Say 'Eh-Oh': PBS To Air First TV Show for Toddlers
Teletubbyland, a fantastical place of grassy hills, funny gadgets, and the gentle adventures of the colorful, huggable Teletubbies, is about to expand America's television landscape--and some child development experts aren't the least bit happy about it.
Produced in Britain, "Teletubbies" is set to debut on U.S. public-television stations April 6. Many media observers predict it will be the next "Barney & Friends," the preschool hit that parents love to hate and their children simply love.
Yet by making children as young as age 1 a key part of its target audience, the program is rekindling a debate on the proper role of television in young children's lives.
"As a professional, I think the effort to produce programming for 1- and 2-year-olds is discouraging and inappropriate," said Gillian D. McNamee, the director of undergraduate teacher education at the Erikson Institute, a graduate school and research center in Chicago for advanced study in child development.
The Second World Summit on Children's TV in London this month was buzzing about the series. The summit opened with Alice M. Cahn, the director of children's programming at PBS, debating the merits of "Teletubbies" with Ada Haug, a children's television official from Norway, which has chosen not to import it.
Ms. Haug said the 30-minute show, while entertaining, doesn't help them develop, a point Ms. Cahn said she disputed.
The program offers even the youngest TV viewers a variety of language and "something to wonder about and play with and connect with," Ms. Cahn said in a telephone interview last week.
Those are things they don't get today, she argued, because no other program on television is designed for an audience that young--even though toddlers spend a lot of time watching the small screen. PBS lists the program for children ages 1 to 4.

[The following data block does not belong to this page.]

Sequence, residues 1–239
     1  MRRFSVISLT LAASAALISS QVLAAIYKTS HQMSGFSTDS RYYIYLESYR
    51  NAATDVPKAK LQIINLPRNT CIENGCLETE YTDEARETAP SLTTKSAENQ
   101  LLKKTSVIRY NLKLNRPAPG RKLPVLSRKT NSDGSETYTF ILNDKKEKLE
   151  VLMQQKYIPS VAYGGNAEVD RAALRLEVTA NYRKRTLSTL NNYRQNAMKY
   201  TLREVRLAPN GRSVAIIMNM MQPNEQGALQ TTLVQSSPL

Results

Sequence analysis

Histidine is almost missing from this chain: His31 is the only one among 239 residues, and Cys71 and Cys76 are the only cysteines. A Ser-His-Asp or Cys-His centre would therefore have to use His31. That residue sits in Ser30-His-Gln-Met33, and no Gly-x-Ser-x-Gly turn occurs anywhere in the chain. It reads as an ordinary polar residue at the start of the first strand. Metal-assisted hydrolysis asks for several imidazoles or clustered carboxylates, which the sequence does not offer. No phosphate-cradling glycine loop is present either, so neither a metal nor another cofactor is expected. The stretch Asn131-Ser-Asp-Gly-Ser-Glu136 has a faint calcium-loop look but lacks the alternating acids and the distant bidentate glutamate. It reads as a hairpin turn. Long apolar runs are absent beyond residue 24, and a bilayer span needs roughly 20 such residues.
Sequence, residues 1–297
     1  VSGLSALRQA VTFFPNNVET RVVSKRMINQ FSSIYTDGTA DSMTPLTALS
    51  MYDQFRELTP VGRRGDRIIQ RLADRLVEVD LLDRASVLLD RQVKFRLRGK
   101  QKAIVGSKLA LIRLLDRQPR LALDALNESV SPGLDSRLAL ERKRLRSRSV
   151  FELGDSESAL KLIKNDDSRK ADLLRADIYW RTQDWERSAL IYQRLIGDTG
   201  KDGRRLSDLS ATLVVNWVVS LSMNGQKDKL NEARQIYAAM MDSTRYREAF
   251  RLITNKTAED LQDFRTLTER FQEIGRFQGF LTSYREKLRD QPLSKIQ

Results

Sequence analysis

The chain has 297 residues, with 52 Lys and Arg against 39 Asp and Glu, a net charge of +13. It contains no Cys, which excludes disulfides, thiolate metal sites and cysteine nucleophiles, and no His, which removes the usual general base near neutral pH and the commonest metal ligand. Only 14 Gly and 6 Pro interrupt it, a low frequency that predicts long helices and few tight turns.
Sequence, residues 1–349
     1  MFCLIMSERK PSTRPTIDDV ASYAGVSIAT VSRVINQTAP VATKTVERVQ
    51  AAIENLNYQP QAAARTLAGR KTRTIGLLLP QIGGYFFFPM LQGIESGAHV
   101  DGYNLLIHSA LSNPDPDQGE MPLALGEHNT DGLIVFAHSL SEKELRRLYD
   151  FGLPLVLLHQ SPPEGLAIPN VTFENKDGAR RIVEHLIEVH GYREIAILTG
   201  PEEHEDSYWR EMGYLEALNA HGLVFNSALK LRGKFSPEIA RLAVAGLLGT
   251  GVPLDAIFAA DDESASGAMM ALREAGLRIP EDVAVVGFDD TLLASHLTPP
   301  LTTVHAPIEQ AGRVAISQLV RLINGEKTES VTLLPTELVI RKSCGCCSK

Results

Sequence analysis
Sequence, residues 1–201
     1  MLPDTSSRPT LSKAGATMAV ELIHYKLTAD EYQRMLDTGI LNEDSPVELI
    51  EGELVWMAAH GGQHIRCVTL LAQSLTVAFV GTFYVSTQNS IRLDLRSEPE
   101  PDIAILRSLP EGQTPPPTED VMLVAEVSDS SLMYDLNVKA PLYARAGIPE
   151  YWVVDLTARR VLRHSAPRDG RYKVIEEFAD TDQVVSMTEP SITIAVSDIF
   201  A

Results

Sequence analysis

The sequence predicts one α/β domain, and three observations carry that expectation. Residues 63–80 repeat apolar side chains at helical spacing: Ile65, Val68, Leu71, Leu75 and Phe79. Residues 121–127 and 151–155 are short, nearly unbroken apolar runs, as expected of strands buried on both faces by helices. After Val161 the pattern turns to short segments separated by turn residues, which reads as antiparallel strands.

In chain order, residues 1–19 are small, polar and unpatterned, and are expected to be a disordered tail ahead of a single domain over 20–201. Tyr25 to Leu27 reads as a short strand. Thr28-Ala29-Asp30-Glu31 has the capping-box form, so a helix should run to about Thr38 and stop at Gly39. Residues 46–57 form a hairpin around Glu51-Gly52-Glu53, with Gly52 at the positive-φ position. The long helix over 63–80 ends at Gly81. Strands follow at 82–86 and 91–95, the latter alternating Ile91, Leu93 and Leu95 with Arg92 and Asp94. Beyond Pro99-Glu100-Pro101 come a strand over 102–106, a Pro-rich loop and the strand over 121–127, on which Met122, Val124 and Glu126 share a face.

"We realized that younger and older siblings watch TV together," Ms. Cahn said. "Very often the younger children, while watching the preschool series, were the ones that weren't enjoying it or getting the most out of it."
But many child-development experts say a program catering to 1-year-olds will tend to make television too large a part of a toddler's day. Most public TV stations will air the show daily, Monday to Friday.
"'Teletubbies' may be cute, harmless, and funny, but it's very destructive in the long run to put kids in front of TV," Ms. McNamee of the Erikson Institute said. "Their development hinges on [their] relatedness--on being connected and engaged with other people in an emotional and intellectual sense. [Watching] TV is not when people relate to each other; they relate to the TV screen."
Relating to television has a special meaning in "Teletubbies" because the characters, who act like toddlers, have TV screens on their bellies and antennas on the tops of their heads. At some point in every episode, the devices begin to glow--ticklishly--until one Teletubby's screen displays a video segment for all to view.